Get 20M+ Full-Text Papers For Less Than $1.50/day. Start a 14-Day Trial for You or Your Team.

Learn More →

Brain-computer interface-based control of closed-loop brain stimulation: attitudes and ethical considerations

Brain-computer interface-based control of closed-loop brain stimulation: attitudes and ethical... Patients who have undergone deep brain stimulation (DBS) for emerging indications have unique perspectives on ethical challenges that may shape trial design and identify key design features for BCI-driven DBS systems. DBS research in cognitive and emotional disorders has generated significant ethical interest. Much of this work has focused on developing ethical guidelines and recommendations for open-loop DBS systems. While early trials of open-loop DBS for depression gave disappointing results, research is moving toward clinical trials with closed-loop or patient-controllable DBS systems that may modulate aspects of personality and emotion. Though user-centered design is an increasingly important principle in neurotechnology, the perspectives of implanted individuals on ethical issues raised by DBS are poorly understood. We solicited those perspectives through a focus group and set of qualitative interviews of participants in trials of DBS for depression and obsessive-compulsive disorder. We identified four major themes: control over device function, authentic self, relationship effects, and meaningful consent. Each has implications for the design of closed-loop systems for non-motor disorders. http://www.deepdyve.com/assets/images/DeepDyve-Logo-lg.png Brain-Computer Interfaces Taylor & Francis

Brain-computer interface-based control of closed-loop brain stimulation: attitudes and ethical considerations

Brain-computer interface-based control of closed-loop brain stimulation: attitudes and ethical considerations

Abstract

Patients who have undergone deep brain stimulation (DBS) for emerging indications have unique perspectives on ethical challenges that may shape trial design and identify key design features for BCI-driven DBS systems. DBS research in cognitive and emotional disorders has generated significant ethical interest. Much of this work has focused on developing ethical guidelines and recommendations for open-loop DBS systems. While early trials of open-loop DBS for depression gave disappointing...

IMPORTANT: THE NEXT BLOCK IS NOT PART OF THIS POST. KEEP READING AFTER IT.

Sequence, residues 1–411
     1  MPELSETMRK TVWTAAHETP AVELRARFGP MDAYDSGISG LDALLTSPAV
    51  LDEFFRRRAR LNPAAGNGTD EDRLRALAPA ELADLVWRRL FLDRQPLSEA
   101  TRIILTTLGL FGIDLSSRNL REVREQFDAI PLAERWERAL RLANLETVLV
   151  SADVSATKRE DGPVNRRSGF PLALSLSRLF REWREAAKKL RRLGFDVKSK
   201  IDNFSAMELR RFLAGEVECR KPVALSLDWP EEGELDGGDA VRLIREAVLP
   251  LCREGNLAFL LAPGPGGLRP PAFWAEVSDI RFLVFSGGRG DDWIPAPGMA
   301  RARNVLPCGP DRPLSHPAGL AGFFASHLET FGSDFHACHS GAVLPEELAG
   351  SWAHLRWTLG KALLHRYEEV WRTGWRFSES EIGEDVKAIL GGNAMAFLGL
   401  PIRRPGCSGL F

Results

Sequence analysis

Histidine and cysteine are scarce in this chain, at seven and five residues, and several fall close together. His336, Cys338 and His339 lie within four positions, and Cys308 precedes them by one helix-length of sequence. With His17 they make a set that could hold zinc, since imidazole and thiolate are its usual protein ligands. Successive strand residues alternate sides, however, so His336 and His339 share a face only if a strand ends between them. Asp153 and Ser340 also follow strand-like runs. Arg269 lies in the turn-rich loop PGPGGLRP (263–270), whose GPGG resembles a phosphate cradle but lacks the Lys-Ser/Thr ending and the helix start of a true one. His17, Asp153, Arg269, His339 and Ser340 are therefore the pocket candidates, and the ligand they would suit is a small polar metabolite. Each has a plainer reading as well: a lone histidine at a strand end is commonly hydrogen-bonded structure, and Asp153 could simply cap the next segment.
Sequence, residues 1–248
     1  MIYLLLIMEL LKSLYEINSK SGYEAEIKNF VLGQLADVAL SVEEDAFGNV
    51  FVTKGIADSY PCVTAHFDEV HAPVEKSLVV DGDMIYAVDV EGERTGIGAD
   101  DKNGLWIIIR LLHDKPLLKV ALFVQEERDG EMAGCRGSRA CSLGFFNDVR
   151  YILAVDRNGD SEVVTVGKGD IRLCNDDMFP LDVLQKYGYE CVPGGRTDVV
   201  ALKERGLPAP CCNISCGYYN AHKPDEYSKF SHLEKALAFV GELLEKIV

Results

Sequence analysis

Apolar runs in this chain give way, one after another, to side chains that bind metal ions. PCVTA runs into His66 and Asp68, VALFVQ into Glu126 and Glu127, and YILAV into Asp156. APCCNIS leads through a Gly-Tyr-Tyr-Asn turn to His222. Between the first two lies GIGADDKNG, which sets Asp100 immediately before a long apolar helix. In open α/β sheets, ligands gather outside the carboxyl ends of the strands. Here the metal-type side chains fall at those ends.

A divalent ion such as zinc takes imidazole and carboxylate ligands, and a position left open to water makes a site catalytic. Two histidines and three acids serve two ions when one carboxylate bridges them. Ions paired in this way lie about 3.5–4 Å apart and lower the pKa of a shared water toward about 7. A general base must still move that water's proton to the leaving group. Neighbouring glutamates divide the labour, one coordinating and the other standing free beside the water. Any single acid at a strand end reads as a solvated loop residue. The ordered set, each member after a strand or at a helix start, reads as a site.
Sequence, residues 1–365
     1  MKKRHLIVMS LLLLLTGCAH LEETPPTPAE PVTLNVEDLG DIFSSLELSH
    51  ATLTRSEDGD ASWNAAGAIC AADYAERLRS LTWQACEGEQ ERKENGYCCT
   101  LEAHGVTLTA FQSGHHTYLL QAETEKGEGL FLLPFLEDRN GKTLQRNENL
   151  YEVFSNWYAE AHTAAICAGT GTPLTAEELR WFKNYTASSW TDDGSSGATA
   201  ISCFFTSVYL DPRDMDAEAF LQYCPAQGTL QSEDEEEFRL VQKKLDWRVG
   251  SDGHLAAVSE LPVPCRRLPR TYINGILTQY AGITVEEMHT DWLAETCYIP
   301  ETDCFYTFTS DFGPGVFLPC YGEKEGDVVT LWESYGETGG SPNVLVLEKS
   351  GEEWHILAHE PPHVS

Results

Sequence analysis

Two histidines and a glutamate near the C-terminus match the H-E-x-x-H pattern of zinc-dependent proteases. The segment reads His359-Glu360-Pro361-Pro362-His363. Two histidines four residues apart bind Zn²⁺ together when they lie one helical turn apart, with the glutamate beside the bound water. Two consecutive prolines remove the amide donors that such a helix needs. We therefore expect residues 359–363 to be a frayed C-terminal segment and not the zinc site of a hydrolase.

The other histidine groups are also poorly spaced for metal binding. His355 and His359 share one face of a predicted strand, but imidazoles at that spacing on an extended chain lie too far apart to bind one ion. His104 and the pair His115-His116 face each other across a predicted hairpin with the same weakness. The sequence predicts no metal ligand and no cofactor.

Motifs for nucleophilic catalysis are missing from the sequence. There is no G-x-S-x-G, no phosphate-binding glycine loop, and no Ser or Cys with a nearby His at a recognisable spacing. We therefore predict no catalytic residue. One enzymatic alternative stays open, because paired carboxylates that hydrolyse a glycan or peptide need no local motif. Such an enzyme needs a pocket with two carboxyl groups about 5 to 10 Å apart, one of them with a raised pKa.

Loading next page...
 
/lp/taylor-francis/brain-computer-interface-based-control-of-closed-loop-brain-gvw3xWtckb
Publisher
Taylor & Francis
Copyright
© 2016 Informa UK Limited, trading as Taylor & Francis Group
ISSN
2326-2621
eISSN
2326-263x
DOI
10.1080/2326263X.2016.1207497
Publisher site
See Article on Publisher Site

Abstract

Patients who have undergone deep brain stimulation (DBS) for emerging indications have unique perspectives on ethical challenges that may shape trial design and identify key design features for BCI-driven DBS systems. DBS research in cognitive and emotional disorders has generated significant ethical interest. Much of this work has focused on developing ethical guidelines and recommendations for open-loop DBS systems. While early trials of open-loop DBS for depression gave disappointing results, research is moving toward clinical trials with closed-loop or patient-controllable DBS systems that may modulate aspects of personality and emotion. Though user-centered design is an increasingly important principle in neurotechnology, the perspectives of implanted individuals on ethical issues raised by DBS are poorly understood. We solicited those perspectives through a focus group and set of qualitative interviews of participants in trials of DBS for depression and obsessive-compulsive disorder. We identified four major themes: control over device function, authentic self, relationship effects, and meaningful consent. Each has implications for the design of closed-loop systems for non-motor disorders.

Journal

Brain-Computer InterfacesTaylor & Francis

Published: Jul 2, 2016

Keywords: deep brain stimulation; ethics; closed-loop; patient-controlled; end-user perspectives

References